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Osanna - Palepoli CD (album) cover




Rock Progressivo Italiano

4.24 | 362 ratings

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3 stars This is such a difficult album to write about, like trying to write about the most bizarre psych freak-outs or trying to discuss a 40 minute live version of the Dead's "Dark Star." Some things need to be heard to be understood. Having just reviewed Marsupilama's "Arena" I could say that this album shares that one's spirit of theatrics and boldness, but taking it to a much further extreme. They really are sound collages as much as anything and will require many listens over a long period of time to appreciate. If you believe the spirit of progressive rock is more about pushing boundaries over other considerations then this is an album you need to hear. As I look at how our distinguished pros have tackled writing about such chaos I found one PR who hit a home run. Atavachron (David) hits the nail on the head perfectly with this fabulous description from his review here: "The session has an inviting, casual tone wherein everyone is welcome to listen and even participate, deep dreams and strange parties abound, plenty of texture, sensuality and odd people... like watching an orgy but not sure if you should join in. The set reminds at times of modern theater as well (i.e. 'Hair'), but shouts out with heavy mercury and constant invention." Indeed!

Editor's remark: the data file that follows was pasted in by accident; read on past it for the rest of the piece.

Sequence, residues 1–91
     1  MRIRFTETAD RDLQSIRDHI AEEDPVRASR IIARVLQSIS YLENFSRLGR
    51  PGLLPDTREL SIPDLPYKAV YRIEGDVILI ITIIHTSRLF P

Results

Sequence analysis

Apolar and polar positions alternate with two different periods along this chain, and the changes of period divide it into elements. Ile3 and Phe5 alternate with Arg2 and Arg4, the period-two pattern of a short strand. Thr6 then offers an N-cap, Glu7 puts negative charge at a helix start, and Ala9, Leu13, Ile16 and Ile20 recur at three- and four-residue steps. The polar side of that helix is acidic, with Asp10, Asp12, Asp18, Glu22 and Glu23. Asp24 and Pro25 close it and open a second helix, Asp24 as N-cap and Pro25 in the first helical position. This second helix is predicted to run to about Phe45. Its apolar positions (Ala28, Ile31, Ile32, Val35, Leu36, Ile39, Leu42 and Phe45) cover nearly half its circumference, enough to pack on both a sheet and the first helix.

Osanna formed in 1971 in Naples with member of Citta Frontale. Having success with two earlier albums and playing on the festival scene they released their most provocative work "Palepoli" in 1973. Guitarist Rustici is a legend of the Italian progressive scene and ever produced his younger brother's masterful "Melos" by Cervello. Their live shows were equally strange with the members painting their faces and employing other theatrics. There is much here to absorb for fans of wild music, different ideas and sections come and go as fast as nervous birds at a backyard feeder. Psyched up electric guitars, mellotron, sax, lots of flute, chanting, singing, loud, quiet, street noises, percussion, all drifting along like a strange lucid dream. And yet I can't agree that this album is a total masterpiece. I respect the boldness and variety enough to call it a very good album, but beyond that, I don't much enjoy playing Palepoli as I do other Italian prog. I need more than boldness and being provocative, I need music to connect on an emotional level to proclaim it a masterpiece. Whereas I'm always eager to grab Alusa Fallax or Cervello, listening to Palepoli is more like a duty I must perform to appease the prog Gods. Parts of it are definitely very enjoyable but as a whole it leaves me a bit cold. I readily accept the fact that maybe I just don't "get it" completely and I will continue to listen in the future to see if it someday clicks-perhaps it's a grower that I haven't spent enough time with yet. For me, younger brother Corrado made the better album with Cervello's "Melos." There you will find elements of the Osanna sound, but rather than relying on the wildness of Palepoli there is a bit more care on crafting the songs that leads to a more musically satisfying album. Try them both and see what you think. They are both giants of the hard side of Italian prog. Palepoli's Japanese mini is a gatefold of the very highest quality, highly recommended if you can find it. I'm somewhere between 3 and 4 stars on this, rounding down for now until I truly "get it."

Finnforest | 3/5 |


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